Testing high-traffic websites | TestFort

Tough Parts of Testing Web Sites with High-Traffic

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If you are considering on developing a really high-traffic website you will require appropriate QA and Testing, considering huge volumes of people, your potential customers or any other source of oncome that is, will be trying to view your site. And they will be doing it constantly. When we say big, we mean BIG: like a website for an international corporation like Nice or McDonalds, or news portals such as CNN and BBC, etc. I believe every single person in such companies realize why their web presence has to maintain flawless. But few realize how to achieve such results.

Testing such websites is a practice only few may be trusted with considering all the risks and the high stakes. Here are several pitfalls we, from personal experience, know and would wish to point out:

  • Globalization: High-Traffic websites are usually visited from multiple corners of the globe and surely keeping all content in English is a) pointless, b) not friendly, c) harmful to business, even. You will have to support numerous local languages and you will have to test whether everything is OK in this field. Design, code and test your site in such a way it can be localized with ease. This means all your content and products will have to be translated and customized to meet new markets from different regions. This is more than simple functional testing, much more as you will have to verify both globalization and every single requirement foreign markets present.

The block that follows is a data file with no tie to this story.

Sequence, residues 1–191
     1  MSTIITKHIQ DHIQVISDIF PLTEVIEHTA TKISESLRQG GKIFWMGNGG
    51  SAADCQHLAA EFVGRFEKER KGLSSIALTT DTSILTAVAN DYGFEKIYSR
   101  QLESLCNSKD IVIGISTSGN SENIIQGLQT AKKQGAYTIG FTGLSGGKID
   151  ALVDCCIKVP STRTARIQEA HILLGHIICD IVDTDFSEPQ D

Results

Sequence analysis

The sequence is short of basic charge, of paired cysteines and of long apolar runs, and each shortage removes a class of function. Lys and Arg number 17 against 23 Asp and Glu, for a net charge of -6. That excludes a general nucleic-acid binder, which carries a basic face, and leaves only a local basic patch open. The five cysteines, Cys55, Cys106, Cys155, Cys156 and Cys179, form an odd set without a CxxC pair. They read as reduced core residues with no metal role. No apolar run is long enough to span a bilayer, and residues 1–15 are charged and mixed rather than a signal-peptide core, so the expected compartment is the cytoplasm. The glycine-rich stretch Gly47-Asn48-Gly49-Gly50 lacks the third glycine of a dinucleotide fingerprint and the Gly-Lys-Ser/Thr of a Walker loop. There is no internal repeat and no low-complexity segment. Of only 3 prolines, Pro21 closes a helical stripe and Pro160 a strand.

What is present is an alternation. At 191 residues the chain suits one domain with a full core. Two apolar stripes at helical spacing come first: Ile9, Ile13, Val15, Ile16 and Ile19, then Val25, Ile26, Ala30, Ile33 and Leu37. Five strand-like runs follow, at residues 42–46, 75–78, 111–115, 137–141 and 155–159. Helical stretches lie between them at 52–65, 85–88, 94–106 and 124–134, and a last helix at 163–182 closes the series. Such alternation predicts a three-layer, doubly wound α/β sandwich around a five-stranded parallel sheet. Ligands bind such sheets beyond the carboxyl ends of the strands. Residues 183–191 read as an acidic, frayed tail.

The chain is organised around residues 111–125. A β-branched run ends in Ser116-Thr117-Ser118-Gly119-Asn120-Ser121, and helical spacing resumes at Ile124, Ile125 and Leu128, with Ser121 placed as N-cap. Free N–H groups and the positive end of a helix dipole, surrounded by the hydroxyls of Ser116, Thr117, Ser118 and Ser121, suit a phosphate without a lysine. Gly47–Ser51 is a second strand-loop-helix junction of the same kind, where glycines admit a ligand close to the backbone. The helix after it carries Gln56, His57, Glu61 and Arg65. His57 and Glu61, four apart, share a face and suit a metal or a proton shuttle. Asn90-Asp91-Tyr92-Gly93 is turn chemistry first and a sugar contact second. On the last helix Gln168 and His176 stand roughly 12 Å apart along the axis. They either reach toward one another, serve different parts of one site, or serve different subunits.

• Unit testing: Components that matter to integration must be tested. Functionality AND performance should be unit tested, unlike the times where functionality tests only may be enough. All components that form or are required for performance matters have to be analyzed and tested.
  • Double check on Cross Site Scripting: test for XSS. No HTML or scripts may be accepted by your website or web app. Otherwise you may be hacked or attacked.
  • AJAX: This tech requires really strong or even additional controls. Usually they are asynchronous, bidirectional and complex, and those three make a fine reason to test AJAX harder. More to that matter, AJAX is weak with handling errors, authentication and session management. Also pay attention to these security flaws, when designing test cases:
    • App internals are exposed
    • The possible attack surface is increased, hence more inputs are required to ensure security
    • Third-party resources may access the client and no encoding security mechanisms take place
    • No precise line between server and client-sides

Surely challenges never end here, however these are some of the most vital ones few QA teams are paying enough attention to.